Reflections – Who’s That in the Mirror?

Gayle_Cheyenne bookstoreThis post by Gayle M. Irwin

We all look in the mirror, some people more often than others. Me, I’m not much for mirrors because I generally don’t like what reflects back at me. I especially dislike full-length mirrors.

My husband and I attempted a lifestyle eating change in October, and we did wonderfully for about four weeks. He lost 8 pounds and I lost 9. We had good intentions of continuing our new habits, but the 15th wedding anniversary trip to southern Utah took place, and though we didn’t do too badly, our downward spiral began with this trip. Other trips, work-related, ensued for both of us, and by Thanksgiving we were toast (and eating toast – with jam even!)

Now that Christmas is around the corner and we’ve received gifts of candy and cookies, have eaten pie, and anticipate a large, yummy meal on both Christmas Eve and Christmas Day, our weight-loss plans are nixed until the proverbial New Year when nearly everyone in the world resolutes to “loose weight.” Boxed DVDs of exercise programs await being popped into the player on January 1st. I’m a planner, if nothing else (although I confess I bought those DVDs last January and they are still in their shrink-wrap packaging!)

Gayle with book buyerAlthough I may not like my physical reflection that stares back at me, aging, graying, and growing rounder, I admit I do like the reflection I see in my writing career. In 2014 I was blessed to work with a company that produces two regional magazines, and to write for both publications, eight articles for one magazine and four articles for the other. I also wrote regularly for the Casper Journal, and had a pet column every week for 12 weeks in one newspaper and a monthly pet column in another. All this in addition to my three to four monthly articles, including pet column, for Our Town Casper magazine … and my “day job,” at which I work 27 hours a week – and school visits, at least twice a month. I even conducted four regional speaking engagements plus booksignings and released a new book. It was a banner year overall!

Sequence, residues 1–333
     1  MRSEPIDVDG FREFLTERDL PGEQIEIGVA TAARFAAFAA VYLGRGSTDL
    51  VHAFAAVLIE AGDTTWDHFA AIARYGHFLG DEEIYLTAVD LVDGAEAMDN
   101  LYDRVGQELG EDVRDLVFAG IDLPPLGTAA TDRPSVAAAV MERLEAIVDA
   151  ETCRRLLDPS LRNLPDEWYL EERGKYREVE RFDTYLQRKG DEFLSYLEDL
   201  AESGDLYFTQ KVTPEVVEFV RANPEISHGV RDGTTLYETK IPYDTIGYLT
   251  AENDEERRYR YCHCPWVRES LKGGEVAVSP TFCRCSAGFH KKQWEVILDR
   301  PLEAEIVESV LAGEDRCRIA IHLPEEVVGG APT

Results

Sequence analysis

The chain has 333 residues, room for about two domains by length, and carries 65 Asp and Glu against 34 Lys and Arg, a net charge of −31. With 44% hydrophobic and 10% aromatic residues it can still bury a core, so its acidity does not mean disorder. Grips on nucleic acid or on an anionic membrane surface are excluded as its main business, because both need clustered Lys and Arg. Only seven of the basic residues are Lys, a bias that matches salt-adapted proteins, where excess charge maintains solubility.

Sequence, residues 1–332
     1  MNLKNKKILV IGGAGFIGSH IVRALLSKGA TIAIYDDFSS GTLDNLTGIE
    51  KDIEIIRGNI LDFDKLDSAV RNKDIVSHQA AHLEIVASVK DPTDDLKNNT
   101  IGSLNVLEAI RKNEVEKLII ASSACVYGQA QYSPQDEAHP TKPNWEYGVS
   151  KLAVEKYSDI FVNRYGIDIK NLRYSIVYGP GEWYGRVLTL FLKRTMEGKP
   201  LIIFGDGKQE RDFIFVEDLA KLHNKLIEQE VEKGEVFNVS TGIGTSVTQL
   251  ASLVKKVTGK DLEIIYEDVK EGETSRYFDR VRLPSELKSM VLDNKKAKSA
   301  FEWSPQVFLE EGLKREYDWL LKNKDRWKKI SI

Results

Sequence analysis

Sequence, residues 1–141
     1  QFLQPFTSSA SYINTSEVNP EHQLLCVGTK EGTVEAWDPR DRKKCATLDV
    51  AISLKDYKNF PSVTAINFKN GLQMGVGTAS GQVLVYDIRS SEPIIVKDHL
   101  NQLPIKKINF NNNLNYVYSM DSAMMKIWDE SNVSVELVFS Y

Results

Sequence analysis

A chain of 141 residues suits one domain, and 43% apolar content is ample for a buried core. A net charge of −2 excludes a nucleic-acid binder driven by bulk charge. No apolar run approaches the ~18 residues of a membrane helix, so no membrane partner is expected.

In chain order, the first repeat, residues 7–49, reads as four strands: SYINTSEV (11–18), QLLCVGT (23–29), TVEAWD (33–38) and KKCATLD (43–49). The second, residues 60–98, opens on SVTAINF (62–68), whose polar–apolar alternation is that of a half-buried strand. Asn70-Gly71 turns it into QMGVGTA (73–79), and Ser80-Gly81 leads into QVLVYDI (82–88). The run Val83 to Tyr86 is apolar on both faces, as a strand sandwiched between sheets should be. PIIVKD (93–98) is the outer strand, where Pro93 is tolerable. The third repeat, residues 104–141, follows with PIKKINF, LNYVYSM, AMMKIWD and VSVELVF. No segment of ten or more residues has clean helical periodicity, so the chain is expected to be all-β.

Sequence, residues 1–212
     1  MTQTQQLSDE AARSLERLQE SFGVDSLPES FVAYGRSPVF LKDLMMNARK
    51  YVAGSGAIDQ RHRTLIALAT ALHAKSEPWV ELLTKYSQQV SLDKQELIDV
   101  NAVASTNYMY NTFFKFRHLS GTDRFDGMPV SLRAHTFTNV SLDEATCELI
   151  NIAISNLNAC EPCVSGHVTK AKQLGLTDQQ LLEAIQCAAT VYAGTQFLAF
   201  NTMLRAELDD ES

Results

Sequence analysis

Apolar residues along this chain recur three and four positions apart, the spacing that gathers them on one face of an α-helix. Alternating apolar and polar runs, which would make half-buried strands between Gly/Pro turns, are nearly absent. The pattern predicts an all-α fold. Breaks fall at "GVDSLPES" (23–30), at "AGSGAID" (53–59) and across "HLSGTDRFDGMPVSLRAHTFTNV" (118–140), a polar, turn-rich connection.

In 2015 things changed a bit. One of my newspaper pet columns went bye-bye due to changes in the paper’s features, and one of the magazines gave me only four instead of eight assignments. However, the other upped from four articles to six. The Journal also decreased the number of features given to me. However, I picked up SEVERAL Vietnam veterans stories to write via the same publishing company, and they also ran one of my children’s books as a serialized story for more than 12 weeks. I also began writing occasionally for an online publication geared toward pregnancy centers. My school speaking opportunities grew, even though other types of speaking opportunities fizzled, and I revised a children’s book I had produced a few years ago and made it available on Amazon. That and the serialization lead to the local school district purchasing several copies for a school that wants to create an environmental education site on its grounds. I had a few book tours and signings and made in-roads with some of my works in progress, getting ready for 2016. Up and down, and back up again, that’s the nature of the writing beast it seems. Reflecting back, I can’t complain at all about 2015 and the writing and speaking opportunities that came my way.

One of the “ups” is being part of Cherley’s All About the Girls project. I have two stories in that book, one about my mother and another about her mom, my grandma Mardy. Those two women have positively impacted my life, and really, without them, their encouragement and love, I likely would not be a writer. Neither woman attended college, and neither of them were writers. Their gift is/was that of encouragement and also of selflessness. Grandma helped pay for my college and while in school, I studied journalism. That eventually led to becoming editor of the West Yellowstone News and to many years serving as a reporter. I also dabbled in magazine writing, which later produced wonderful offspring, including several short stories in various Chicken Soup for the Soul editions as well as the magazines I have written for and currently write for.

mom and gayleWhen I do garner enough courage to look in the mirror, I can see some of my mother and my grandmother reflecting back. Both women were/are courageous and persevering. I’m not as apt in those traits as the two of them, but I do believe I possess some of those characteristics. If I didn’t, I couldn’t have endured the past 25+ years as a writer. I may not be JK Rowling, Rebecca Mead, or Jeff Goins, or any of you, my fellow Writing Wranglers, but I do persist… even when I sometimes want to throw in the towel. At times, it’s very difficult for me to juggle so many assignments and so many responsibilities – in addition to the writing career and the “day job” at a medical clinic, I have work at home, including the care of four (aging) pets. Lack of sleep makes me cranky, and when I’m that mood sets in (or the 55-year-old female hormones kick in, making me EXTRA cranky!) I want to chuck it all. During those times, I conduct a soul-searching and have a good long (sometimes loud) cry.